Chilly scenes and hot reveries

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The Fleisher Challenge 3 exhibition is a funny combination of icy and hot. Sculptures by Ephraim Russell and Julie York have an almost clinical hands-off-ness to them, as if the work were made in a factory (Russell) or laboratory (York).

Russell’s works have a kind of faux utilitarian aspect which seems just great. They are take-charge objects that imply you need them, a little like those slicer/peeler/tv channel changers advertised on late night tv for $19.99. How can you live without?

But as with the medical scanner/lightbox/copy machine gizmo pictured at the top — a work the artist calls “S.A.D. Sculpture” (maybe a pun on CAD programming?), there’s no human use for this baby. But it sure seems to be doing its job well whatever that may be.

York’s installation, which involves many cast porcelain objects encased in cylindrical containers whose lids are glass lenses that distort what’s inside evoke Mutter Museum body part specimens in formaldehyde. The cylindrical specimen jars protrude from the walls like carbuncles. Or some are encased in the top of a large white box on the floor which makes them windows into a coffin of sorts. (image is installation shot of York’s “Swell”)

And while their overall ambiance is clinical, the atmosphere created by viewing up-close distortions of what might be stumps of fingers, or bones or human organ parts (penises abound) turns the chamber into a hothouse of voyeurism. (image is detail from one of York’s objects)

Kate Stewart‘s large paintings have a cool bleached out pallete and an odd abstraction of space that is also very removed from life’s daily aspects. (image is Stewart’s “Lachry Mose” and what you can’t see at this small size is that there’s a beautiful curling tidal wave about to crash into the house. The wave is pictured through the windows.)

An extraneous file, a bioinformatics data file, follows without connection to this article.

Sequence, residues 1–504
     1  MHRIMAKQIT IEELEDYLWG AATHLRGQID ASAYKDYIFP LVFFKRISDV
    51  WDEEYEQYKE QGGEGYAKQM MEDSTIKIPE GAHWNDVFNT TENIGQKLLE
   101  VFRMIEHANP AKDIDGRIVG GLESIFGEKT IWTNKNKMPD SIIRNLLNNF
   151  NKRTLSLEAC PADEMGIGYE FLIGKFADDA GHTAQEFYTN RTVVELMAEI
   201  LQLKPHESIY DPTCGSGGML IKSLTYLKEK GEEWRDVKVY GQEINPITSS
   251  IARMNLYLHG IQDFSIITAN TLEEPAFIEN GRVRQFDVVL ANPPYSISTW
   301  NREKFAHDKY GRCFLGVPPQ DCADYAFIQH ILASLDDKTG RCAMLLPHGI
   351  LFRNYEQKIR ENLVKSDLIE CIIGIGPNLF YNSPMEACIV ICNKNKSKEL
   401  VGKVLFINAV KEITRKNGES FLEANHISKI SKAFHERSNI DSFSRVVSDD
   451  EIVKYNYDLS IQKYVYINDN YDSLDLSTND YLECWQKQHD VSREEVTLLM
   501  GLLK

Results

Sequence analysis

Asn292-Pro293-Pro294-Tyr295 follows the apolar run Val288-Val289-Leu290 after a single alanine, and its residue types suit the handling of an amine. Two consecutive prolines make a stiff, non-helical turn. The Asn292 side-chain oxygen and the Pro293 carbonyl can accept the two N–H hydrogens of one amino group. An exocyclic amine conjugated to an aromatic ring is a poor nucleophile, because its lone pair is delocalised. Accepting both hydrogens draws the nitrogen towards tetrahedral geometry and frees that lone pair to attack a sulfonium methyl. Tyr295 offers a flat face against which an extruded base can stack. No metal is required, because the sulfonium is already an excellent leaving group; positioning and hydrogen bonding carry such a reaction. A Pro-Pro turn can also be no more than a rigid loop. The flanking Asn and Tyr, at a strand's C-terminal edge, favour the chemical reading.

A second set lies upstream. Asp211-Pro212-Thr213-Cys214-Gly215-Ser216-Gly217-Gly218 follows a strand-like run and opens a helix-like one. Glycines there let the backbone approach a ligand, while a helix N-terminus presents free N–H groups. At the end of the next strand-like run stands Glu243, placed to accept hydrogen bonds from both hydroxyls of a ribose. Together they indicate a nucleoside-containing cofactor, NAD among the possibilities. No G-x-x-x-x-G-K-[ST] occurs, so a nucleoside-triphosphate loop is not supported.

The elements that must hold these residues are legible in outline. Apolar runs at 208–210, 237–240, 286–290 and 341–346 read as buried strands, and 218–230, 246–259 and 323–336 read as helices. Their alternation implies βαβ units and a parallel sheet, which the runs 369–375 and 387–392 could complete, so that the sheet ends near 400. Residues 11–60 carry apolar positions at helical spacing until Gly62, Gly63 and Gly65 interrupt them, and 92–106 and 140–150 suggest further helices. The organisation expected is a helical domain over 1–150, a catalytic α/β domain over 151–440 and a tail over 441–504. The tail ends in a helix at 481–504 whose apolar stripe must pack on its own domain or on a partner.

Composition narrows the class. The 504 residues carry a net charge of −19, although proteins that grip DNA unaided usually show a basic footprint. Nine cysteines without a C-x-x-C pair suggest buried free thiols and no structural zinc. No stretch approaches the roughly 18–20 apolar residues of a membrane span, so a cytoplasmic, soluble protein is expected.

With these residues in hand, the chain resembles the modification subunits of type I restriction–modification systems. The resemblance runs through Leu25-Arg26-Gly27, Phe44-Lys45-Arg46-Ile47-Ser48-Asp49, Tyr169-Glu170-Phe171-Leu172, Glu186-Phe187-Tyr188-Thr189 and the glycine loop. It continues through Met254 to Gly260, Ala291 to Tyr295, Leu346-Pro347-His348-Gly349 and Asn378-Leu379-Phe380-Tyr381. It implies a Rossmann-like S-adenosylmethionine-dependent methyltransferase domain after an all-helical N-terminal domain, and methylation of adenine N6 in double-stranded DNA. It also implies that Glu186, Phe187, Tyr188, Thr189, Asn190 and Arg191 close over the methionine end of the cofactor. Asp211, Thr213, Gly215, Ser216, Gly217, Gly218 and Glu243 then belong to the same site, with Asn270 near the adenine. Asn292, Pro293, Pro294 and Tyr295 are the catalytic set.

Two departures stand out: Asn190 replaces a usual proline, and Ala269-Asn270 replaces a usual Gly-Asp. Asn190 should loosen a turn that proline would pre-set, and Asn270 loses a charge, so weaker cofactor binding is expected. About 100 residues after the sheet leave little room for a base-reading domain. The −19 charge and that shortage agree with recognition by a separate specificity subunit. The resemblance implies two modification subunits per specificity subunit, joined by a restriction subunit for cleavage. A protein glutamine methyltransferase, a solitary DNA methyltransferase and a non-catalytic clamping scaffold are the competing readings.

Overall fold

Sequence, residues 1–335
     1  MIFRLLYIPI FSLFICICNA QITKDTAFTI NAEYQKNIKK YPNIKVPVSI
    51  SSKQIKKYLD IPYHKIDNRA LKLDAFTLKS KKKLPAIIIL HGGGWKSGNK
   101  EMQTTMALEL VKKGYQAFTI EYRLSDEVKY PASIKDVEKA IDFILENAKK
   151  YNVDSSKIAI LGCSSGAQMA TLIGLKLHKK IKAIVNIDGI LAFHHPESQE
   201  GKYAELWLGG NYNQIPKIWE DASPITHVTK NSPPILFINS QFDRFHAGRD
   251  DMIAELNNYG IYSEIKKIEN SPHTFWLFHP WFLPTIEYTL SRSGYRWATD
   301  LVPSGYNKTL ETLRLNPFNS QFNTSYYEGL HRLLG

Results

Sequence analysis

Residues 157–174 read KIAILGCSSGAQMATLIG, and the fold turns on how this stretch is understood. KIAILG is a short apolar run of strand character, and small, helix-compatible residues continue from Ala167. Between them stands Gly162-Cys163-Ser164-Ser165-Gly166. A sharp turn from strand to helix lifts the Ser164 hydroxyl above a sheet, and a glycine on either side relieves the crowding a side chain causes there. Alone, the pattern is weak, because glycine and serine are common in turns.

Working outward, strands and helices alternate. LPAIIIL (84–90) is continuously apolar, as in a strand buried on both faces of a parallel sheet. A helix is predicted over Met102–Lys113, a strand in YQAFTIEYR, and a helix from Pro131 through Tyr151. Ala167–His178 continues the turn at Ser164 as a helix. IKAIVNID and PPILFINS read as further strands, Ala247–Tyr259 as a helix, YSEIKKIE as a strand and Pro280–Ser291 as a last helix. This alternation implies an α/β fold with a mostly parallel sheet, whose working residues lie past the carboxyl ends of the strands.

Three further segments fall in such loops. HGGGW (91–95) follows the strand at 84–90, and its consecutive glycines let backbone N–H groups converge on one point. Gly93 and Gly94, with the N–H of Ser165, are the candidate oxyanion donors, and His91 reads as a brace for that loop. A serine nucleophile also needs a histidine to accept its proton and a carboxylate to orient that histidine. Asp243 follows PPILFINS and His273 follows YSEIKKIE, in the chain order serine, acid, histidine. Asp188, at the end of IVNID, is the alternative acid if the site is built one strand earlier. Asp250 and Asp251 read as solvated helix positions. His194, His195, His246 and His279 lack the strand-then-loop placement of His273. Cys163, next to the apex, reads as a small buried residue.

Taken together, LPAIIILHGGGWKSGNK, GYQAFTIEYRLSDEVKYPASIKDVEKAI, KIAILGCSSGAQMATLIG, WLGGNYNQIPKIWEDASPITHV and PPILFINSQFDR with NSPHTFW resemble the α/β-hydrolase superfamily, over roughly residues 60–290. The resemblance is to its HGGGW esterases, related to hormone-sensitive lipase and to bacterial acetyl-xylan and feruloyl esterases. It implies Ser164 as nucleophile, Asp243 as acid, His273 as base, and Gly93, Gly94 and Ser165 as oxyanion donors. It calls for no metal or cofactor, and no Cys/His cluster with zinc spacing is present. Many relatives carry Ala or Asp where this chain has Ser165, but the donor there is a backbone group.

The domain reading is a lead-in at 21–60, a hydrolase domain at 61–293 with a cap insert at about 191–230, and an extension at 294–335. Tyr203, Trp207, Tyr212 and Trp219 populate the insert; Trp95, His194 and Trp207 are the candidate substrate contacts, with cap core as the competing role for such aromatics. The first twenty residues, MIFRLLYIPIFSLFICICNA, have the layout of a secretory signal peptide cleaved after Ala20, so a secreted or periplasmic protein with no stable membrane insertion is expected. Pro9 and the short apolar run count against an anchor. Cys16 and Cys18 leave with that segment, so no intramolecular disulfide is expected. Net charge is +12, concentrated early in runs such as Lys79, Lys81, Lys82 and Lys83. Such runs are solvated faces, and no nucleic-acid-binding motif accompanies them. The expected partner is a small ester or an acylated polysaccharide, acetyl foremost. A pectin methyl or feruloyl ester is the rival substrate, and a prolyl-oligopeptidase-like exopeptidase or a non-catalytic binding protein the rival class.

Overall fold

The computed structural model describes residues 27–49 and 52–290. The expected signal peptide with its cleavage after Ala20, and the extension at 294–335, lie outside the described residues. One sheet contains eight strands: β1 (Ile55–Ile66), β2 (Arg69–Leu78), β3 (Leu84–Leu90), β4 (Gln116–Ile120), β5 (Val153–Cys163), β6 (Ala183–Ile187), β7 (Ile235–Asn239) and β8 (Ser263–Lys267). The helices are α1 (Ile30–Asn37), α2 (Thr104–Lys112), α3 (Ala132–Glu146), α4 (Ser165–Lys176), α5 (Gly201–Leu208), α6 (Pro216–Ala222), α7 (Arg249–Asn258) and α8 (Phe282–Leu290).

On the other hand, Stewart has a wall installation that includes a group of small, eco-disaster-themed paintings — framed like they’re family portraits or photos from favorite vacations. The small works sit on an ornate gilded and stenciled wall and the whole package is suffocatingly decorative. While Stewart’s pastel paintings are cool and clinical this installation wall seems impasssioned and while I read eco into the underpinnings, a more metaphorical reading would have the eco-disasters (tornado, hurricane, volcano) as stand-ins for mom, dad and grandpa. Either way, there’s flames here that don’t seem to exist in Stewart’s other works here.

These two approaches to art-making — cool and distant versus hot and personal — are streams running their courses today in art. Young artists in particular seem to embrace the extremes — either describing the world — themselves, their buddies, their obsessions — in the hottest and most personal of ways. Or, they’re running in the other direction — making work that’s like the world seen through the wrong side of binoculars.

The cool stream may come straight out of the universities and the legacy of thinking instead of observing…or observing with an eye towards deconstructing. “A Closer Look” at Arcadia has its share of academic deconstructivist art. And Libby and I saw some of it at Scope (although what sticks in my mind is the art that was less decon and more comic). While I like the play of mind at work in art of this type I wonder about the influence of the university on art. Is the MFA-ing of the land creating an art that is so clinical and meta that it’s on the verge of being anti art? Amidst all the cleverness and thinking where’s the joy of making? (image is detail of Carl Fudge’s “Overflow” at Arcadia’s “A Closer Look” exhibit, a piece based on Japanese erotic art)

The hot stream comes out of zines, teen art, comic book mania, scrapbooking, the rise in popularity of outsider art, the rise in status of photography and the fad for memorization. I’m not passing judgment. There’s no right or wrong, good or bad here. I’m just noting the phenomena. I can make a case for both and in fact like both approaches when done well (although in my heart I’m more a comic book pour it on with passion type of art lover). (image is Rob Matthews’ “Communion with New Wine” from his exhibit at Gallery Joe)

I will leave the discussion here since this post is already very long. You must have thoughts about this.

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